Ed loved old cars and was President of the Late Great Chevys Club. His most beloved possession was his prize-winning, meticulously restored 1966 yellow Impala convertible. Always ready to reach out to others, he gathered new friends during his many travels. It is said that if Ed passed you on the street, he would remember your name and likely send you a Christmas card. And those cards were legendary—each a hand-drawn and colored portrait of an interesting building or architectural site he had seen that year. He rode camels in North Africa and elephants in Asia, saw the Pyramids in Egypt, the Taj Mahal in India, the Eiffel tower in Paris, kissed the Blarney Stone in Ireland and rode the Trans-Siberian Railroad from Beijing to Moscow with his close friend and fraternity brother, Frank McKay. The walls of his home were covered with photographs of his travels and artwork he had collected from around the world.

 A more caring individual never adopted Texas; Ed had a heart as big as the state he loved. He was preceded in death by his parents and older brother, Doug and is survived by his loving sister and brother-in-law, Alice and Joseph Scandura, sister-in-law, Dina Baker, seven nieces, one nephew, and 12 great nieces and nephews and many, many, many friends. During his final illness, he was supported by the unfailing and tireless efforts of his long-time friends Donnie Herrin and Romy Langenecker, who visited the hospital almost every day, worked with the medical teams, and delivered a daily email on Ed’s condition to his 60 closest friends.

The family will receive friends during a visitation held on Friday evening, March 4, 2022 from 7:00 p.m. until 9:00 p.m. at Turrentine Jackson Morrow Funeral Home, 2525 Central Expressway North, Allen, Texas 75013.

The funeral service will be held 4:00 p.m., Saturday, March 5, 2022 at Turrentine Jackson Morrow Funeral Chapel in Allen, Texas. Due to the number of older folks and people with health conditions who will attend the events, the family requests all who attend to please wear a mask and masks will be provided at the facility.  For anyone who has had potential recent exposure to COVID-19 or has not been vaccinated, the family invites your attendance through the TJM livestream below.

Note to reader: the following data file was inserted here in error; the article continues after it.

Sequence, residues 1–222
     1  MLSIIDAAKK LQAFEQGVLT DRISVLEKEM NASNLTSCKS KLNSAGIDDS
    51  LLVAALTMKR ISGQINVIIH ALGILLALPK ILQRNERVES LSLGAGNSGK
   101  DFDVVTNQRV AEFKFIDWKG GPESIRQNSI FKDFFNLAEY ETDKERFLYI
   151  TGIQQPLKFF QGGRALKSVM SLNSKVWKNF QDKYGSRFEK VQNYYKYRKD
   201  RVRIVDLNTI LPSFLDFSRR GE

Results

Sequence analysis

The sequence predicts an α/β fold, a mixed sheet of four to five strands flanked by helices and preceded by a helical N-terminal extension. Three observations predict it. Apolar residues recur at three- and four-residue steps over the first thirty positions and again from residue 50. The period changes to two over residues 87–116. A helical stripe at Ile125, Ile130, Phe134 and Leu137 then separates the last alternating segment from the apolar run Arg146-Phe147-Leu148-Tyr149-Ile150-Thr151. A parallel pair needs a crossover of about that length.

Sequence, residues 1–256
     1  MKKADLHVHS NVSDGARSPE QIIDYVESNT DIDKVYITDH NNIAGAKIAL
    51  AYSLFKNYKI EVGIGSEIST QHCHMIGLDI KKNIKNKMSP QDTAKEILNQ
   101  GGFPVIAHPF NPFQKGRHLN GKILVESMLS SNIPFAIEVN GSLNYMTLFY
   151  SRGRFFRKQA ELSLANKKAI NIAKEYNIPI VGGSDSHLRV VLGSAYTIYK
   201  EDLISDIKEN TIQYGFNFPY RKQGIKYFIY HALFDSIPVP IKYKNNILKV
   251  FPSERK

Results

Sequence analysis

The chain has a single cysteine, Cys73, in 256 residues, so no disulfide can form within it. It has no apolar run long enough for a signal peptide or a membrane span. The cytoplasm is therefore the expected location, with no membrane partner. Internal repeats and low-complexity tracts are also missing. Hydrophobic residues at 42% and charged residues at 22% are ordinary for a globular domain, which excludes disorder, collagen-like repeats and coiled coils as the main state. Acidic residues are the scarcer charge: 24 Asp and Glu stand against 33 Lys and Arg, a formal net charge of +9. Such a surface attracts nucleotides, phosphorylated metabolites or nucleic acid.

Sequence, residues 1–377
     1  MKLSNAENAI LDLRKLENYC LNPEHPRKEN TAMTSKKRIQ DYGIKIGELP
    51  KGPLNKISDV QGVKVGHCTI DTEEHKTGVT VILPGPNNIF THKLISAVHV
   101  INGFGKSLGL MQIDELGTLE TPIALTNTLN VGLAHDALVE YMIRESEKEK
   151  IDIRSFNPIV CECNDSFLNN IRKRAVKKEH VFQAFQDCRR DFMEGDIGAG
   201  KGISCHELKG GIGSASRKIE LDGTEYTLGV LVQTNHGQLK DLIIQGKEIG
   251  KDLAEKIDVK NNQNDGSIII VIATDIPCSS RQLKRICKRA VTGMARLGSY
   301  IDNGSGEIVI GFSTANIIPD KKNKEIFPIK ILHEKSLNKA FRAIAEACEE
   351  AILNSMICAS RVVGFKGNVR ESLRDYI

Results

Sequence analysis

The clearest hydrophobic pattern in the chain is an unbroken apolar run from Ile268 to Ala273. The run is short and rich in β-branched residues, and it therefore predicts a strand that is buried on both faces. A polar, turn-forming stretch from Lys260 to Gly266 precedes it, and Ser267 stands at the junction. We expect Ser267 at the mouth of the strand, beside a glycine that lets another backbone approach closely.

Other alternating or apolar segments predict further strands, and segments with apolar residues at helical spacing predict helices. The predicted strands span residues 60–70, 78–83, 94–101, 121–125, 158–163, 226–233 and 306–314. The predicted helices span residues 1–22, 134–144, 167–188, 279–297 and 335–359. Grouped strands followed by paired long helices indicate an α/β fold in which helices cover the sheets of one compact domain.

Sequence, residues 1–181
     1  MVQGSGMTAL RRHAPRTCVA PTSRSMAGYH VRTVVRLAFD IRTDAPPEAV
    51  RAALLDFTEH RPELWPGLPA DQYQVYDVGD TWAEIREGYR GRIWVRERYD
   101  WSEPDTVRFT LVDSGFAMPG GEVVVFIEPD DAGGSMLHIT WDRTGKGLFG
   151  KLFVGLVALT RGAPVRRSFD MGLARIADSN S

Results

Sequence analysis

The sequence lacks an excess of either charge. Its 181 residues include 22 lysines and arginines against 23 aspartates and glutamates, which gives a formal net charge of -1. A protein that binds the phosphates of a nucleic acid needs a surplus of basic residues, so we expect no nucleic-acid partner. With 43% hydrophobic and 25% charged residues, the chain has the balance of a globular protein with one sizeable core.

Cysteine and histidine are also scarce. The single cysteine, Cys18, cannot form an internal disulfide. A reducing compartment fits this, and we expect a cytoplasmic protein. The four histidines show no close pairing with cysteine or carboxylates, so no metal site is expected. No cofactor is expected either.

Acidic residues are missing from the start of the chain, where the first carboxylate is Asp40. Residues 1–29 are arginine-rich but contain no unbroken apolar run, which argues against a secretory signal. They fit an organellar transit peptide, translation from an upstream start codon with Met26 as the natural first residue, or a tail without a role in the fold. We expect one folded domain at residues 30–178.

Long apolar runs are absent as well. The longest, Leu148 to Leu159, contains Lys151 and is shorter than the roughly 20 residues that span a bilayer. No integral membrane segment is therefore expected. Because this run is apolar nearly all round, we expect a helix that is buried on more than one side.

The service will also be live streamed at TJMfuneral.com on Ed’s obituary page by clicking on the following link:  https://celebrationoflife.tv/blog/ed-baker.  After the service, the recorded live stream will be available for viewing at the same link location.  Following the funeral service, a reception will be held from 6:00 p.m. until 8:00 p.m. at the funeral home.

Ed Baker’s family thanks his many friends and acquaintances for their loving support over his lifetime. In lieu of flowers, we request you make a tax-deductible donation to The Edwin Baker Memorial Fund, a Charles Schwab charitable Donor-Advised Fund (DAF), which will be used to endow gifts to Centenary College, his Fraternity TKE, the Muscular Dystrophy Association (MDA), the International Association of Fire Fighters, and other charities that were close to his heart. Appreciated stock, mutual funds, and other investments can also be donated.

Check donations should be made out to the Charles Schwab Charitable Fund and include the donor’s name and address, with Fund # 6346-0432 written in the memo line and mailed to:

Charles Schwab Charitable Fund

(Fund # 6346-0432)

1958 Summit Park Drive, Suite 200

Orlando Florida 32810

Please send specific questions to his niece, Jules Catania (julescatania@me.com). She will respond as soon as possible.